Monkey around

By Donna Zitter Bordelon

April is a transitional month where showers give way (thank goodness) to promised flowers, and umbrellas are eventually traded for shorts and (gulp!) bathing suits. Certainly, April is the perfect month to get rid of any extra plumpness, pudginess, paunchiness or any other weighty matters that accumulated over the winter.

We should also pack away heavy appetites along with our winter wardrobes. But, occasionally, it’s necessary to indulge a craving, especially when downpours and drizzles dampen weekend mornings, canceling baseball games, bike trips or any other outdoor activity. A cup of coffee, tea or hot chocolate and a comfort food (homemade, sweet and warm) should temporarily soothe any dampened savage soul’s sweet tooth.

A sweet treat: Satisfy your sweet tooth with these recipes for Sticky Swirl (pictured above) and Monkey Bread.

The following recipes are a few generations removed from the original monkey bread, also known as bubble bread, puzzle bread, sticky bread, golden dumplings, etc. Referenced as early as 1880, the Hungarian/Jewish sweet bread (Aranygaluska) and the German sweet bread (Affenbrot), meaning Ape Bread, were introduced here by immigrants.

The origin of the name “Monkey Bread” is sketchy. Monkey Bread resembles the fruit inside the gourd of the baobab tree — also called the monkey puzzle tree. Zazu Pitts, silent screen-into-the-1950s actress, cook and friend of Nancy Reagan’s mother, published and popularized her Monkey Bread recipe in the Winnipeg Free Press in 1945, claiming that “you just monkey around with it.” It later enjoyed a resurgence, when the Reagans served it as a Christmas favorite at the White House.

No need to petition St. Honore, the patron saint of bakers, for help with the following recipes, as packaged biscuits produce two sweet options.

MRS. T’S STICKY SWIRL

1 large Bundt/tube pan (one piece — 12-cup capacity)

1 cup dark Karo

½ cup raisins, optional

½ cup walnuts, optional

1 stick butter (¼ lb.)

¾ cup brown sugar

¼ cup white sugar

1 Tbsp. cinnamon

4 packages of refrigerated buttermilk biscuits (12 oz.)

Preheat oven to 350 degrees.

Line bottom of pan with dark Karo syrup and sprinkle in walnuts and raisins, if using. Set aside.

Cut the stick of butter into quarters, lengthwise. Then slice each quarter into 10 equal pieces. (This yields 40 little pats of butter.)

In a separate dish, put brown sugar, white sugar and cinnamon. Mix well with a fork. Thoroughly coat each biscuit in the sugar cinnamon mixture.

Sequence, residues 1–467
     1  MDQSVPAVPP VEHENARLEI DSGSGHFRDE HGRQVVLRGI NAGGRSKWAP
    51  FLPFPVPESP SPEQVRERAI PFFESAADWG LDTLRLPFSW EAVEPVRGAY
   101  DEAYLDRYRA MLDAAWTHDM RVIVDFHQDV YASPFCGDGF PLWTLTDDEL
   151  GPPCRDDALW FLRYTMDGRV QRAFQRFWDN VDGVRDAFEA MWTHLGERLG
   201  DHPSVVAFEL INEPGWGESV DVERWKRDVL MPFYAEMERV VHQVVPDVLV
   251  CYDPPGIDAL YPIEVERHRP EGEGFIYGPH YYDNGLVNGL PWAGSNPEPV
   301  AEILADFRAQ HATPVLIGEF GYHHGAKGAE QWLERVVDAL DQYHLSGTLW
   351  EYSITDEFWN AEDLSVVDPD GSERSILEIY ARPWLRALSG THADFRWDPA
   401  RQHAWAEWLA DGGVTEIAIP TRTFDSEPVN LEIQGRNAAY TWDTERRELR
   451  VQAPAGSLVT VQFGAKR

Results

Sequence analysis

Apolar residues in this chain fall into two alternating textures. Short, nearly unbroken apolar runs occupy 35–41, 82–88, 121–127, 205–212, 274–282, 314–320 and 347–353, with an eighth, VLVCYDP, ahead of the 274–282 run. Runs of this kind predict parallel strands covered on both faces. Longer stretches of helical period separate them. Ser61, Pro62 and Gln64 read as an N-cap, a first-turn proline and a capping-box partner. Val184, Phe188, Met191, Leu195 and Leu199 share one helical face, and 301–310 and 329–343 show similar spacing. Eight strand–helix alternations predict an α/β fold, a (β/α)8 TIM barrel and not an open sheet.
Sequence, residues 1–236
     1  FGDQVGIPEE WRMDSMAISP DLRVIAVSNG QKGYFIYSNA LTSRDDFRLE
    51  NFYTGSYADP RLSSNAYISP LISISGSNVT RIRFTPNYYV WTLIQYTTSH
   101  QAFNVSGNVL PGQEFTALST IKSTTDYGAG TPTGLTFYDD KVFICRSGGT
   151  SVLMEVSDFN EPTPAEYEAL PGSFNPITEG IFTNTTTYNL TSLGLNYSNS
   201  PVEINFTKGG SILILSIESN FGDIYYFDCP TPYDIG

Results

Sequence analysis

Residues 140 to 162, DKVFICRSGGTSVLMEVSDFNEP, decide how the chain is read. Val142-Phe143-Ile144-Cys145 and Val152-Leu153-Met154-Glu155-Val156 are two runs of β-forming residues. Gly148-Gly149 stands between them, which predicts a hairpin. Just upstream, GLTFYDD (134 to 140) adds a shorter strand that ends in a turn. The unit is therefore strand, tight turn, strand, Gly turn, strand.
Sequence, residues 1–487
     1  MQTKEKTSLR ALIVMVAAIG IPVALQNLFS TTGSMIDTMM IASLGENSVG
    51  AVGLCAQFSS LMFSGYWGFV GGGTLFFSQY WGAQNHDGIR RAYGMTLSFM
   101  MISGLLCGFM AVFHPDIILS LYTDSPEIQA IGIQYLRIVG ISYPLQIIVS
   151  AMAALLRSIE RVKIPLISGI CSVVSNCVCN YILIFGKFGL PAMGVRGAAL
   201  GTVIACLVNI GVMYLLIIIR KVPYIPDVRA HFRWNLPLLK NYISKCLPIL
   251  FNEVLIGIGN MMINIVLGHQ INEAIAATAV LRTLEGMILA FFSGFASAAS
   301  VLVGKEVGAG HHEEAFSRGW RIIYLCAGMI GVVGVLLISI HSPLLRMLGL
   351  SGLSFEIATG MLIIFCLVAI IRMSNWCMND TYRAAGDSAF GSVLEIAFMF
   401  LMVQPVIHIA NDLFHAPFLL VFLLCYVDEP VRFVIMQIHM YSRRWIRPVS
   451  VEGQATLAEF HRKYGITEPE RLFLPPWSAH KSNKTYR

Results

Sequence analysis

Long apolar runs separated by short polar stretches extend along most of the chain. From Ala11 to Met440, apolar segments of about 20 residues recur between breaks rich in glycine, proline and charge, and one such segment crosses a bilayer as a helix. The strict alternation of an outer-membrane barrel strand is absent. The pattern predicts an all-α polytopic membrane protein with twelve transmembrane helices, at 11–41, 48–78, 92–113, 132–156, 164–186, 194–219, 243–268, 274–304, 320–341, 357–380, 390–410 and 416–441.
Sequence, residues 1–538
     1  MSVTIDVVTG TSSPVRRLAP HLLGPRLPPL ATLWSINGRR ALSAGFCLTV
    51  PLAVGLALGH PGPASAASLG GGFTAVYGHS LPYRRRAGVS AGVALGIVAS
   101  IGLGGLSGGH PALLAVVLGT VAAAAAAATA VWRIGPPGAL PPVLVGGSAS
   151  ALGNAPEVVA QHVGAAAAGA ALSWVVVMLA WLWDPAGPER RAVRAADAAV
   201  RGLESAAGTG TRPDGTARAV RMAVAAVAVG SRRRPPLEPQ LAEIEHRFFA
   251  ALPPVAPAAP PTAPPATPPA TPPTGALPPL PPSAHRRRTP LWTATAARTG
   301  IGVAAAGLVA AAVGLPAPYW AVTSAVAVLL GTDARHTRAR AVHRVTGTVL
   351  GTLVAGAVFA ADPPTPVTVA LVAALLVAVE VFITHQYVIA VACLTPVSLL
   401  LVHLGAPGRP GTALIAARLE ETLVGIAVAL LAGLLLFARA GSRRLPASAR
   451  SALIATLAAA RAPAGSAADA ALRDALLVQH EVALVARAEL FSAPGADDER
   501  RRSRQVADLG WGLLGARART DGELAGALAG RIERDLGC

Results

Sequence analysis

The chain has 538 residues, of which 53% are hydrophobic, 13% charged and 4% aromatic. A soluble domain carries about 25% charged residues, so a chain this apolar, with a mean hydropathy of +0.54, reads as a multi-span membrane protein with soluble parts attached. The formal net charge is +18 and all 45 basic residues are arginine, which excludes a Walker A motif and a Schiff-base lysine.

Arrange biscuits in the pan, making sure they are standing up, and place a pat of butter between each biscuit. Pour any remaining sugar-cinnamon mixture over the biscuits in the pan.

Bake 50 minutes. Remove pan from oven. Allow to stand 2–3 minutes. Place a plate larger than the Bundt/tube pan over pan. Carefully invert, turning bread out (syrup will be very hot) onto the plate.

Allow to sit for 10 minutes before serving.

MONKEY BREAD

3 packages refrigerated buttermilk biscuits (12 oz.)

1 cup white sugar

1 Tbsp. cinnamon

1 stick (¼ lb.) butter

½ cup brown sugar, packed

½ cup walnuts, chopped, optional

½ cup raisins, optional

Preheat oven to 350 degrees.

Lightly grease a 10-inch Bundt/tube pan

Put white sugar and cinnamon in a plastic bag and shake to mix.

Cut biscuits into quarters. Add quarters from each biscuit package to cinnamon-sugar bag, shaking bag to coat them. Distribute the pieces into the prepared pan.

Continue adding and shaking remaining 2 packages of biscuit dough pieces in the cinnamon-sugar bag.

Sprinkle raisins and nuts, if using, between the layers.

Distribute leftover sugar on top of dough.

Melt butter in a saucepan, add the brown sugar, cook and stir until sugar is melted. Pour over biscuits.

Bake 35–40 minutes. Remove pan from oven. Allow to stand 2–3 minutes. Place a plate larger than the Bundt/tube pan over pan. Carefully invert, turning bread out (syrup will be very hot) onto the plate.

Allow to sit for 10 minutes before serving.

Eat well, live long, enjoy!

(Ques­tions or tips can be sent to Donna Zit­ter Bor­de­lon at Whats-cook-inNEPhilly@gmail.com or in care of the Times, 2 Executive Campus, Suite 400, Cherry Hill, NJ 08002)